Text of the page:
Roman Missal Crisis
1963: Vatican II allowed the use of “the mother tongue” in the liturgy, entrusting bishops conferences with overseeing translations, which Rome would then approve. Bishops conferences throughout the English-speaking world established the International Commission on English in the Liturgy (ICEL) to undertake the work of translation.
1973: ICEL’s first translation of the Missal was approved by Rome and put into service. The translators were guided by the Vatican document Comme le prévoit (1969). The document’s theory of translation is “dynamic equivalence,” whose goal is to convey the overall sense and meaning of a text in idiomatic English.
1998: After a long process of consultation and retranslation, ICEL completed a new translation of the Missal as part of its regular work. The bishops had asked for a richer translation that would hew more closely to the Latin without sacrificing clarity. The new translation fulfilled those criteria. All English-speaking bishops conferences voted to approve the text. When this translation was sent to Rome, however, it was not approved.
2001: The Vatican unveiled a new set of principles for translation in the instruction Liturgiam authenticam. Its theory of translation is “formal equivalence.” The document held that every Latin word must be accounted for, and vocabulary, syntax, punctuation, and capitalization patterns found in the Latin must be reproduced as much as possible in the vernacular. An extraordinary outpouring of criticism arose in response to this instruction.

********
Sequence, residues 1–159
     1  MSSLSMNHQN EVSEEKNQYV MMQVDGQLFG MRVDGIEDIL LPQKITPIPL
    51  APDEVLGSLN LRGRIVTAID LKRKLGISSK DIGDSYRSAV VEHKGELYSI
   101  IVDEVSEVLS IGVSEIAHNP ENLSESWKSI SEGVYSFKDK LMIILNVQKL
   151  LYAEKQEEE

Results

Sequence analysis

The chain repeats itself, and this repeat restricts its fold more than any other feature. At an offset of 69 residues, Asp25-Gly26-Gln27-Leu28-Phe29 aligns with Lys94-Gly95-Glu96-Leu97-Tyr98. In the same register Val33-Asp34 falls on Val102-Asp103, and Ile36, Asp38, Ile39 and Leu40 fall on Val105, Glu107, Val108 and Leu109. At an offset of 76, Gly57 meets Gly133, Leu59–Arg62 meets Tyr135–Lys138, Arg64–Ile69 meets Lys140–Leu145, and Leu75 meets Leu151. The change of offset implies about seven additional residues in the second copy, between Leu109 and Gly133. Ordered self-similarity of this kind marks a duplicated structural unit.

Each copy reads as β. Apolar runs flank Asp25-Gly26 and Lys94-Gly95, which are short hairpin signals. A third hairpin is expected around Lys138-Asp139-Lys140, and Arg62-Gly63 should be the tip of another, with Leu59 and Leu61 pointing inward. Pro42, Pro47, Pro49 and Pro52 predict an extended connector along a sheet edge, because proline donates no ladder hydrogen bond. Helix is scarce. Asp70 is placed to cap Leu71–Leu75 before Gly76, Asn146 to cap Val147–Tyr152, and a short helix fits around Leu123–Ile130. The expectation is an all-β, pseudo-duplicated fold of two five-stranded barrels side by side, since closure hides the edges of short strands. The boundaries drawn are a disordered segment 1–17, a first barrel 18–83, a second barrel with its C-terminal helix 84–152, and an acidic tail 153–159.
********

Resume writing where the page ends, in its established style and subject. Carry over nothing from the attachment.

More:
2002: ICEL was reorganized so that it would answer to Rome and not to the bishops conferences. New personnel were appointed and a new constitution for ICEL was written. Another translation was started from scratch. A committee called Vox Clara was formed to advise the Vatican on the approval of English translations. Its members are bishops chosen by the Vatican. Vox Clara reports to the curia.
2008: After much discussion and over numerous objections, a translation prepared by the new ICEL following the new norms was approved by the English-speaking bishops conferences. Critics called this translation clumsy, difficult to proclaim, and confusing. Supporters praised the translation for its “elevated register” and fidelity to Latin. The text was sent to Rome for approval.
2010: Vox Clara introduced about ten thousand changes into the 2008 text. Critics’ concerns were not eased by the rewrite. The Vatican returned the revised text to the bishops for implementation. This text is scheduled to be introduced in the United States on the weekend of November 26–27, 2011.
Related: It Doesn't Sing, by Rita Ferrone
About the Author
Rita Ferrone is the author of several books about liturgy, including Liturgy: Sacrosanctum Concilium (Paulist Press).